by Timothy Loveday  


she cannot tell her
husband that there are
maggots in her fanny. that
the maggots only feed on dead
flesh. that they have been growing
inside of her. that they come out when
she pees. in the isolation ward there are
piles that have spilled out of her knickers. and
it is my mother’s job to clean them up. something
she has never seen before. she says that they are
climbing up the walls, dripping from the roof. the woman’s
husband oblivious, doesn’t care. he’s picking things from his
teeth. how long since they fucked? the dead flesh, inside, consumed
and my mother on her hands and knees, scooping up the maggots with
their stench, heady, visceral, and the sick in her gut and the water in her eyes, and the pity she feels for this woman who hides her life from her husband, because fannies, fannies, are shameful things and women do not have wounds, do not bleed, and the boy who is helping her, a boy in his early twenties saying, this is disgusting, vile, i don’t want to think about maggots or old women’s fannies. as if at some point the hidden, perfect fanny, idol of his dreams, withers, dies, decapitates, destined for maggots, impenetrable, unpleasurable, ugly, nasty, sick, tired bitch… there are maggots in the blue scoop, withering, and my mother’s hands are shaking and this young man is complaining, and that old man, picking his teeth, she does not understand him, understand them, understand this, understand any of it, except knowing this is dying.


I went to a wedding
invited yet uninvited.
My invitation was late
or the last to be sent
or there were lots sent
late, or they’d simply
forgotten. Forgotten their
own wedding, but I went
anyway. I went because
I’d known the groom for
many years and he had
called me to say that the
invitation was late, that he’d
forgotten and that there were
so many invitations sent out late. There were other reasons. To go. To be late. It was his future wife. On the brink of hospitalisation. Self-harm. She couldn’t be left alone. And her eyes, gluey, were in need of an operation— I did not understand. Said I did— but didn’t. Had my fears. My speculations. History repeating.
And the sadness of a kinship fading.

We were hardly friends. This was guilt.

I’d been forgotten. And there was sickness and she was softness and I was the hard edge of the past. It went without saying. So I got wondering, politely agreeing, how many friends did he have that put their hand in a cool basin of his watered
down blood, watching as that red cordial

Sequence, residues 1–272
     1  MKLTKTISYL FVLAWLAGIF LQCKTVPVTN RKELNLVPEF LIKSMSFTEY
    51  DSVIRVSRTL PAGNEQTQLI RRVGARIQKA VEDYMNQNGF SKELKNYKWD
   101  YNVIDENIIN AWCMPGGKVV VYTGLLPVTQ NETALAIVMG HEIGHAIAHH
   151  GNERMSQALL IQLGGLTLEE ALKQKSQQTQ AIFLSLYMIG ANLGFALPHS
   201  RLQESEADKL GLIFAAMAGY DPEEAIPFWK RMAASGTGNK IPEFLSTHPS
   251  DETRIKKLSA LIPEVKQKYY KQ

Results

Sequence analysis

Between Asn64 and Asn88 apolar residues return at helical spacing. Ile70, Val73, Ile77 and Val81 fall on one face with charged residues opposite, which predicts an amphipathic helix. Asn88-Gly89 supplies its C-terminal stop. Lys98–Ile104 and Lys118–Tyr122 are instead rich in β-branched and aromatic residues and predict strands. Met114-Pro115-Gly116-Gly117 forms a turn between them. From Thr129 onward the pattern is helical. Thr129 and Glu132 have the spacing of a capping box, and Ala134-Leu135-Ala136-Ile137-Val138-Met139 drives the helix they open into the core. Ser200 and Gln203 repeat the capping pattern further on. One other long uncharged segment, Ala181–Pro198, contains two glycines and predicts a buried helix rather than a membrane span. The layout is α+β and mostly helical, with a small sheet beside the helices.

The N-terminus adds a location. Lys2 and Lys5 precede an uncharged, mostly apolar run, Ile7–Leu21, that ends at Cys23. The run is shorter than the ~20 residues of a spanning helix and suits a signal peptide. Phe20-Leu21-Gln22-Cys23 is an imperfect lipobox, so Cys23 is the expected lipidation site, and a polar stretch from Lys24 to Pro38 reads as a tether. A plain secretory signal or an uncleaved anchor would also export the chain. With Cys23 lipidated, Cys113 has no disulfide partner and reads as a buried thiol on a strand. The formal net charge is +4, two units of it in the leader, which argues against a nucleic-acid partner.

circled in the sink, gurgled, swallowed, disappearing,
asking why does this look like red
cordial? was it the heat of the water flowing?
or the flesh of his wrist softening?

and where exactly did he hide the razor blades?

I can’t remember the stink. There was a stink. I remember one. I just can’t remember what it smelled of.

The wedding was grand.
It had all the elements.
It was light-hearted and bright, in a
woodland clearing, with twenty foot
pines, and stars of blue skylight. The wind was cool and our suits holy.
The women’s legs, prickled, and they held their purses, water bottles, against their jiggling bellies. Laughter and hair, shiny, oily, large. Wrist watches. The finest of our cheap, gold jewellery. Teeth sparkling and chattering and moving in mouths of such action and delight that my anger was abated.
And the tunes, they were charming. Slow. Little folk medleys. The voices harmonising. Men. Women. Broken— giving up what was left of their love.

The canapés, too, were delicious. The main B+. And the waiters truly endearing. With their blackened teeth, their car exhaust laughs, their half-ironed shirts, their misfitting trousers, and their hands, the hands of hard-yakker fencers.

It was surprising to see these men in the middle of exhibition, romance.

The celebrant, he was English, funny, charismatic.
Almost certainly, without knowing, I knew, he’d grown up in Cambridge. It wasn’t outrageous— he wasn’t pompous— but I could tell he owned a pact of Pomeranians and was the first homosexual to marry under the Marriage Equality Act. Where did they find such a man? Handsome. Softly spoken. Comforting. Lyrical. Smiling. He was the school councillor you fell in love with.

I wanted to get up and congratulate him— what a performance!
But his beard was so distracting. His beard
was nothing I’d ever seen. So well kept
It was apparent he was born with a beard
— the lines, prenatal razor blades.

Yeah— they were back. As he was saying his vows.
As their love was coming out of him, an incantation, a curse
or wickedness. He always sold himself. Love was all he had to live for. He’d die for a woman, before he died for himself. And then, too,
he’d use that woman as an excuse. For dying. None of it. None of it. Had forced him to grow.

None of it. What was that smell?

I hadn’t been at his first wedding. But I had fallen
in love with his first marriage; with the first woman he had married,
and the man he was back then, believing
their lives were everything that young
couples were meant to be, funny, generous, kind.
Their love was a living energy. Even, one summer, saving— god, I don’t even know what I was saving for anymore— I spent in a tent in their backyard, and the backyard was very small, crammed with trees and the gumnuts rained in the wind and there was a couple, in the apartment across, who were always fighting. Their fights vicious, late-night. And I was young and jealous and couldn’t sleep and the sun hated me, and my tent it smelt of sweating books because I sweated, badly, and my books, they were my only company. And that married couple, that first married couple, they would buy bags of potatoes just to lob at my tent, disrupt what little sleep I got, from the comfort of their backstep, laughing, laughing, living the love I so envied.

It had turned out that they weren’t having sex. Hadn’t had sex, in almost a year. That their sex life didn’t exist. That she only wanted to fuck when she was drunk and he was asleep and he only wanted to fuck when she was out getting drunk.

It was a sad little affair.

But now, he’s remarried. Which suits him. The marriage type. Trying to stick it out. Encouraging. Devoted. Caring.